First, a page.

Steve and I used to have an ongoing disagreement about the use of the self-checkout line at the grocery store. He would return from the Jewel and complain about the people too backward to use the machines or who had brought way too much stuff to the line to justify using it. I would defend these people, though, as a self-segregating population of people so desperate to avoid human interaction that they'd waste their own time using self-checkout instead of speeding things up by having to speak with a cashier and/or bagger. Plus, I argued, when they took up space in the self-checkout line, they clear up space in the regular checkout lines.
Steve has also complained lately that the increase of what he calls the "crazy people" at the grocery store has made shopping intolerable. We have a very loose definition of "crazy" around here that is not limited to a rude way of referring to people with mental issues. "Crazy," at the grocery store, can indeed mean mentally ill, but it can also apply to the elderly, the inconsiderate, the weird, the dumb and the slow. You can be a hot 18-year-old Northwestern student and still be a "crazy person" (probably by moseying down the aisle with a cart while scrolling on your smart phone and listening on your headphones, you dumbass. Get out of the way!)
Here in Chicago, a line of grocery stores called Dominick's has recently closed (many of which will open up as Whole Foods, which will inevitably result in a whole new unfortunate brand of crazy.) We lived right between one of the now-closed stores and its rival chain, Jewel, and the closure of the Dominick's has funnelled its old customers to the Jewel. Steve had a theory that the all crazy people shopped at Dominick's. I don't know if this theory was true or not--the Dominick's was closer to a few retirement and adult care homes, but it also encouraged loitering with its cafe and who knows, maybe the crazy people were just gaga about its beautiful floral selection. I didn't believe him: I figured he was just being impatient and intolerant. I typically shop, it should be noted, at absurdly early hours due to my inability to sleep in anymore. If you haven't grocery shopped at 8 AM on a Saturday morning, you haven't lived! Steve, meanwhile, would go at about 5 PM on a weekday, when everyone is heading home from work and crabby and tired. I figured it was bad timing.
I finally saw things his way though on Sunday when I went to the store at around noon and realized that, indeed, everyone at the grocery store was a crazy person. There was a shouting match between a customer and a manager going on the entire time I was in the process of checking out, and it was not about a price discrepancy or anything like that but regarding whether one of them had lied to the other.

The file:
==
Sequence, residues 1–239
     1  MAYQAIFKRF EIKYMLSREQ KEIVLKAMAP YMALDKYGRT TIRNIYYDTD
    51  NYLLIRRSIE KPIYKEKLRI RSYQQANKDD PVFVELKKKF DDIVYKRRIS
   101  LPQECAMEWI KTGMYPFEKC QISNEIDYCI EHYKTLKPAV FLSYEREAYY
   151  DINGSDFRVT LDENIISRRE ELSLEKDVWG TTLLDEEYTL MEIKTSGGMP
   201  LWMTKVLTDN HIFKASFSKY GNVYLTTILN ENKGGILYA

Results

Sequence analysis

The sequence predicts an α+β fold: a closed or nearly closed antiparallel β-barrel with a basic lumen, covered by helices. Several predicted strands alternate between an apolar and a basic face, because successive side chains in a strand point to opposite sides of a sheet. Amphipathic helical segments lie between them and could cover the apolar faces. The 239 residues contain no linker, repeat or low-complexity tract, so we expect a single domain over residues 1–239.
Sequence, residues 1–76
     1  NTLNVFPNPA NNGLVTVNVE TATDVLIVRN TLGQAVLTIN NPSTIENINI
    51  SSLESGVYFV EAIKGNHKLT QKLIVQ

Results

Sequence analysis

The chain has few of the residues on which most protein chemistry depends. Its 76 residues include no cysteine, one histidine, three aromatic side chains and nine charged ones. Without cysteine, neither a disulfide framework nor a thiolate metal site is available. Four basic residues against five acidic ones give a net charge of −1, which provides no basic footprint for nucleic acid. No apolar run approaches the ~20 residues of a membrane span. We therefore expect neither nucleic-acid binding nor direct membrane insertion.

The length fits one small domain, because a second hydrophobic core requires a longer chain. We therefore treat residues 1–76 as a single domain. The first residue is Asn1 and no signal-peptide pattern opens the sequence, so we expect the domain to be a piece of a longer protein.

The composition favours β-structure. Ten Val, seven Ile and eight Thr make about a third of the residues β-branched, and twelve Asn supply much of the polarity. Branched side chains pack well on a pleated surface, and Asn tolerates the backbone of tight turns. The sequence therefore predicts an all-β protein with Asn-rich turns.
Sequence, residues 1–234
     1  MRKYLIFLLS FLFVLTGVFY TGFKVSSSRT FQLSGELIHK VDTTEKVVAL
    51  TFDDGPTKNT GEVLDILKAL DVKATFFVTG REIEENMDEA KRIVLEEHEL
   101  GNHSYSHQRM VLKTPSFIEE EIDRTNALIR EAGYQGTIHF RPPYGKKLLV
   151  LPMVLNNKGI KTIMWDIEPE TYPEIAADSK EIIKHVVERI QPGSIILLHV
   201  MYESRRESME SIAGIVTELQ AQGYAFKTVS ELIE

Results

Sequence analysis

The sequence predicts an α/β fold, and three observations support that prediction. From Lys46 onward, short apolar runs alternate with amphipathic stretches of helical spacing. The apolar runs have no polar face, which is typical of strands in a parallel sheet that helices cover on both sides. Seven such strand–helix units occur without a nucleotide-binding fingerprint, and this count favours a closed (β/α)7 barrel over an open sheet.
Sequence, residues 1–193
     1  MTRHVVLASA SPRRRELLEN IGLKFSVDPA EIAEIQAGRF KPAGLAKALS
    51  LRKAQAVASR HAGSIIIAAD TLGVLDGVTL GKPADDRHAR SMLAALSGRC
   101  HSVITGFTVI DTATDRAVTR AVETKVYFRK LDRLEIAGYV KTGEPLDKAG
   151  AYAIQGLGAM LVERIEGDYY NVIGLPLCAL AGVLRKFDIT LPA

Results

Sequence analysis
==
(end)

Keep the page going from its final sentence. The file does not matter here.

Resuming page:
Oh yeah, self-checkout. I have also changed my mind about this, based on this guy's cart:
I don't know if you can see this, but this man is buying at least 20 individual tiny bottles of beverages. First of all, from a purchasing point of view, this is insanity. Does this guy know how much money he is wasting by doing this and skipping the two-liter varieties and whatnot? That's like the people who buy a thousand tiny containers of yogurt. THEY SELL BIG CONTAINERS OF YOGURT.
But moreover, on a busy afternoon, this guy broke my anything-goes rule about self-checkout. And now I have several rules that I think should be applied to the line (which would only apply during busy times. During low times, do what you want:)
- Skip the line if you have over twenty of one thing.
- Skip the line if you are buying alcohol (it takes forever to get someone to come and verify your I.D.)
- Skip the line if you have a ton of coupons.
- Skip the line if your groceries pile up higher than the top of the cart.
Anyway, I am aware that by thinking this much about it, I am actually one of the crazy people myself (for instance, only thing keeping me from suggesting that you skip the line if you bring your own shopping bags, which confuse the weight sensors, is that I bring my own shopping bags.) Thus I eagerly await the opening of our new Mariano's, where I can take my crazy if need be.